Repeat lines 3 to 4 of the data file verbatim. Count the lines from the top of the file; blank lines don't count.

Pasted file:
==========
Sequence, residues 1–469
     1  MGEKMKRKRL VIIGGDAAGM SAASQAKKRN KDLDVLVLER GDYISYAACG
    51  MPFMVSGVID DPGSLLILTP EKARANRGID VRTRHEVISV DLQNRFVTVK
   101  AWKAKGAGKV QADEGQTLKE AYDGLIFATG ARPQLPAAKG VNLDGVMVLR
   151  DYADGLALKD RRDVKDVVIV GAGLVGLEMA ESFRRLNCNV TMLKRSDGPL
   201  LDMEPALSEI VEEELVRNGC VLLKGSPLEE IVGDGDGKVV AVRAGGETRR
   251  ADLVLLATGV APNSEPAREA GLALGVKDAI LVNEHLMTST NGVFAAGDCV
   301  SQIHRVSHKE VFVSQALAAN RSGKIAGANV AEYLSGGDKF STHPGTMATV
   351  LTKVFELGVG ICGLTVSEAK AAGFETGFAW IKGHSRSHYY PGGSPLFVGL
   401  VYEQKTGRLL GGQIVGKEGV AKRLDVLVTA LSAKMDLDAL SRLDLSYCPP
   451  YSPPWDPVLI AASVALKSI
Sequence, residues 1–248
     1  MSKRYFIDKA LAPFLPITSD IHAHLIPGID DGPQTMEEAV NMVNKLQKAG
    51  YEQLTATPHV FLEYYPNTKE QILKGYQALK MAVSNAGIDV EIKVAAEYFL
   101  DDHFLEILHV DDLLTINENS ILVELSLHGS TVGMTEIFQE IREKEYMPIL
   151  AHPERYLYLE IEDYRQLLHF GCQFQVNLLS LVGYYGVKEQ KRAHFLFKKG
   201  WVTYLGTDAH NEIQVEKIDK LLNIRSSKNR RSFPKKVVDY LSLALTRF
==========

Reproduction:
    51  MPFMVSGVID DPGSLLILTP EKARANRGID VRTRHEVISV DLQNRFVTVK
   101  AWKAKGAGKV QADEGQTLKE AYDGLIFATG ARPQLPAAKG VNLDGVMVLR